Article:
• Can help you break past mental barriers – As mentioned above: getting a new perspective can be incredibly beneficial. It can help you break past previous mental blocks and allow you to lay the groundwork for thoughts you would not have even conceived of without the changes brought forth by some time away.
    • Allows you to develop your own rhythm – We all work differently. By escaping a workplace or environment where conditions are set by others or the collective we can find ways to truly harness our own strengths. Perhaps you work better while typing away late at night… perhaps you need a nap in the afternoon to think more clearly. Whatever scheduling conflicts you did have melt away while on Sabbatical.

Con’s of a Sabbatical

    • Dependent on Self-Discipline – Success in whatever project or task you plan to set out upon really depends on you alone. You are the supervisor. You are the worker. You are responsible for setting expectations and reaching your goals every single day. If you find yourself in a rut, you may find that the support system you had previously relied upon at work isn’t there in the same way you have become accustomed to.
    • Difficult to Reintegrate into Former Role – Being away from your workplace for months or even a year can lend itself to a difficulty in returning. Hopefully, the Sabbatical will change your perspective. Possibly your workplace will be different too. Bringing together to essentially new things may lead to difficulties ending the professional relationship entirely.
    • Can be Lonely – If you are setting out to travel far off in distant lands or perhaps write a book you may find yourself in an environment where it’s not easy to engage with other people. Even if you are sociable, showing up to working each day and having access to colleagues on good and bad days will no longer necessarily be in the cards. You may find yourself having to work much harder to get the same social benefits compared to when you were working.

Sabbatical Ideas

    • Travel – Traveling always seems like the popular choice when taking a significant time away from work. If you decide to take this route, make sure there is purpose.

      Are you trying to learn about certain cultures? Are you trying to see how your own perspectives can be challenged by others in your field? Plan it out. Find ways along your route to find others in your field in exotic locations and learn from them. Take them out to coffee. Spend a night on their couch. If you decide to travel, make sure you take the opportunity to be as fully immersive as possible.

    • Write a Book – Taking the time away to write a book is a great idea. This task is often very difficult when in a normal working environment. A Sabbatical’s break from normalcy is also a great way to get in touch with a whole new workflow that will be needed to draft a document that could not only benefit your profession, but also your own creative and analytical mindset.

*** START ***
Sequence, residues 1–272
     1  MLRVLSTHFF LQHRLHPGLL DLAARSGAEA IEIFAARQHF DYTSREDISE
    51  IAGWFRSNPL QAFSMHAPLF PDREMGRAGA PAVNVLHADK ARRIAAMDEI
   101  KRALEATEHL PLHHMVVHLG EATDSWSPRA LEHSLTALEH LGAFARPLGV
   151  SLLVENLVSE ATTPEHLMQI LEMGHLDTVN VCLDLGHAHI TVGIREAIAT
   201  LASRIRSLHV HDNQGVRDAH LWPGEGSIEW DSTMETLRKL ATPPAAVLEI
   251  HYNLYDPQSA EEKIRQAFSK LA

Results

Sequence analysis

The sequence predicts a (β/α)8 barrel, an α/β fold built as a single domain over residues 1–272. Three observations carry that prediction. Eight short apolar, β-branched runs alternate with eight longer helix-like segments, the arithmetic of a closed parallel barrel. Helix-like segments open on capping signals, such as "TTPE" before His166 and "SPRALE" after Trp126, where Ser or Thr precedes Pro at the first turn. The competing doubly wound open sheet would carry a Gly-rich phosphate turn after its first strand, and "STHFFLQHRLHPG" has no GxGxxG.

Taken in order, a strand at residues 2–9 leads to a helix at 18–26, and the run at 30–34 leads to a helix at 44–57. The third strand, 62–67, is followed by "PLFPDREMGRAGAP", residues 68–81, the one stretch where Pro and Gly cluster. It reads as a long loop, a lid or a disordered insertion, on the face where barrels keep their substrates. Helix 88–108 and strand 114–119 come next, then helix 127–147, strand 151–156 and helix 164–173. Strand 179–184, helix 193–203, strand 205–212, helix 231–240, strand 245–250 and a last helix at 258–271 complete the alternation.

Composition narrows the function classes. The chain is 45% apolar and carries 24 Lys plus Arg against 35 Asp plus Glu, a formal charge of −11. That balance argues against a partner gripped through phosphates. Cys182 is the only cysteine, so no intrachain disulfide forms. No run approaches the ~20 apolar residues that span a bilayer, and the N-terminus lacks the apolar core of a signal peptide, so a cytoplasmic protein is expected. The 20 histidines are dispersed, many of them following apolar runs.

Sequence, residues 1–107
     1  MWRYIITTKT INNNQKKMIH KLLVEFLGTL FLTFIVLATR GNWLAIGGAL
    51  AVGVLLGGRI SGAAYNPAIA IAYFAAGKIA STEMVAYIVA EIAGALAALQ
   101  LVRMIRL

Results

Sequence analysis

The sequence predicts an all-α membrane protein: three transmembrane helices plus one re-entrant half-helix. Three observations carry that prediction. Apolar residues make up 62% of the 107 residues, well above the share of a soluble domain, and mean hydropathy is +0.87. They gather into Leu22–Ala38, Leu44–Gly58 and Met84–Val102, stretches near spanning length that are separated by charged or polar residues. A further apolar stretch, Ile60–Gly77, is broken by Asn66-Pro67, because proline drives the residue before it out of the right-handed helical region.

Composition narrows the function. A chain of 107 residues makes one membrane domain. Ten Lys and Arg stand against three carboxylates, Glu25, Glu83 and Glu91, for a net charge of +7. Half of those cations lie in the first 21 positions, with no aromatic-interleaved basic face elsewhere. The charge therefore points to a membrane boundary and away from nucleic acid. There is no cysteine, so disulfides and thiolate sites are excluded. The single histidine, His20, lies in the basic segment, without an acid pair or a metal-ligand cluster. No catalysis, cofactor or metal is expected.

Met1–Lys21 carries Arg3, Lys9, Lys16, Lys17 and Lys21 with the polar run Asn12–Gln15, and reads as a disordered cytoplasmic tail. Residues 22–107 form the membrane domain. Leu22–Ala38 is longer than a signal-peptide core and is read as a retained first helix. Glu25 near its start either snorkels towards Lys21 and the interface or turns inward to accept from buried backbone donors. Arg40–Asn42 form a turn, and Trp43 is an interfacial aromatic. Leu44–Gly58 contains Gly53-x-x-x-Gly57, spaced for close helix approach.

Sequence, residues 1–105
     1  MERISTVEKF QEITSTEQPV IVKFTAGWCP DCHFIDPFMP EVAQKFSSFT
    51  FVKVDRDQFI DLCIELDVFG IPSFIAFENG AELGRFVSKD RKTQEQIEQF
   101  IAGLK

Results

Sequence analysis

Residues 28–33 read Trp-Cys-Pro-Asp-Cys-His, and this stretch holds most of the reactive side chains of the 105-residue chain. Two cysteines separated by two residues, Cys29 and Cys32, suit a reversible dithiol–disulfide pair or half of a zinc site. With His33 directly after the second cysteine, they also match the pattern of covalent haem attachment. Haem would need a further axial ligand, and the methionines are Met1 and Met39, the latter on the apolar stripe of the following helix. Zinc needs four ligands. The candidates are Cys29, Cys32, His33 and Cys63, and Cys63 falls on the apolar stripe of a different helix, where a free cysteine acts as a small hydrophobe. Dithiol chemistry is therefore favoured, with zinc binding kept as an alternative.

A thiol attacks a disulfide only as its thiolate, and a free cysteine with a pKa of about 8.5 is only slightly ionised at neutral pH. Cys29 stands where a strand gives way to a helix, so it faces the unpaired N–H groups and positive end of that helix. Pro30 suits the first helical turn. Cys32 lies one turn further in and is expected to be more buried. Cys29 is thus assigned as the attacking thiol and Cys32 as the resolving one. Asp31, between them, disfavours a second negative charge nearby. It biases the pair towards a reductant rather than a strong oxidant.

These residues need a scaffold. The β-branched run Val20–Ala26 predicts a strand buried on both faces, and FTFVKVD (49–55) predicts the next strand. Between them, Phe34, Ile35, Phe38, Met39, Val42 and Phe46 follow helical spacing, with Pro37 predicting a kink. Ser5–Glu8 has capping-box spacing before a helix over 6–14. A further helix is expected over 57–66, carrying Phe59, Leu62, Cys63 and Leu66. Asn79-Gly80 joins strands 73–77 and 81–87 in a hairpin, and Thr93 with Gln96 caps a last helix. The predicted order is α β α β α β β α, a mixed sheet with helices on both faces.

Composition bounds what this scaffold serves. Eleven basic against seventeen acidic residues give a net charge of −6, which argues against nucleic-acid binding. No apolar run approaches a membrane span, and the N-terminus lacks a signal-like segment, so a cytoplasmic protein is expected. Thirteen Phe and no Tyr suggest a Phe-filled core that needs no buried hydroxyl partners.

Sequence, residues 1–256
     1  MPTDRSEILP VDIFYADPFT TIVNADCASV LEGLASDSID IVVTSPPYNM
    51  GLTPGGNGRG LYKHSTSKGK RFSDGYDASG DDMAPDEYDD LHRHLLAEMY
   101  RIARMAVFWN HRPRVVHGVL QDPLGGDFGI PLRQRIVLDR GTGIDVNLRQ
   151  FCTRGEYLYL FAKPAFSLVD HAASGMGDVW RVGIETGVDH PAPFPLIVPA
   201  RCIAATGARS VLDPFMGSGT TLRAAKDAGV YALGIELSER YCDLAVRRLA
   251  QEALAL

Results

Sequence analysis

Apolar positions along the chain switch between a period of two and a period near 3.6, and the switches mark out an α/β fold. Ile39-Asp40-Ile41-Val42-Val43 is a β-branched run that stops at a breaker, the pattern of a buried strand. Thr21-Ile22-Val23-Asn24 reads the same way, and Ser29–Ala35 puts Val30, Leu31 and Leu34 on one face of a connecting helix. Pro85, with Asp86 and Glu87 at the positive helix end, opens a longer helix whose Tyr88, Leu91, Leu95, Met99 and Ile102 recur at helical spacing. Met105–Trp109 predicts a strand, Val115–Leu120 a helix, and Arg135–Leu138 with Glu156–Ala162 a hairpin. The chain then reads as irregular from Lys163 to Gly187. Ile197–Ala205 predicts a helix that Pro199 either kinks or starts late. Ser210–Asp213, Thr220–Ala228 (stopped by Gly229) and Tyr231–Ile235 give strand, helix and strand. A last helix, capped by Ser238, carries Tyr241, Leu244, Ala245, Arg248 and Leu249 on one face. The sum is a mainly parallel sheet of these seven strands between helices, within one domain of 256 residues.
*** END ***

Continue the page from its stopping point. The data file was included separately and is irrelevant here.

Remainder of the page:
• Learn a New Skill – Sometimes learning a skill is not something you can do on the nights and weekends (although the Internet has certainly narrowed what you can’t). Sometimes it means departing your normal daily activities and pursing it full time for a long period.

What about Earning Money?

There are a lot of things you can do to earn money while off on a Sabbatical, however, if you are thinking about how to put bread on the table every day you may find that you won’t be successful. Figure out how you are going to make your finances work before setting out.

It could mean that you need to pick up a side gig. Perhaps drive for a personal driving service or make food deliveries. It could mean that you need to save ahead of time for your planned expenses.

Whatever it is you are going to earn or find ways to spend money make sure that equation is solved first. There is no point in taking a year off from work only to have to quit halfway through because the utility company cut off your heat.


Going off on a Sabbatical is becoming more and more common. Finding a way to enhance your career and professional aspirations can often only be accomplished by taking a step away from your normal routine. Don’t be afraid to venture outside of your comfort zone. Plan. Set your expectations high. Save for budgeted expenses (and emergencies!). Going on a Sabbatical is a great way to become smarter, healthier, and live life to the fullest! 

Guy Money

As a formally trained Data Scientist I find excitement in writing about Personal Finance and how to view it through a lens filtered by data. I am excited about helping others build financial moats while at the same time helping to make the world a more livable and friendly place.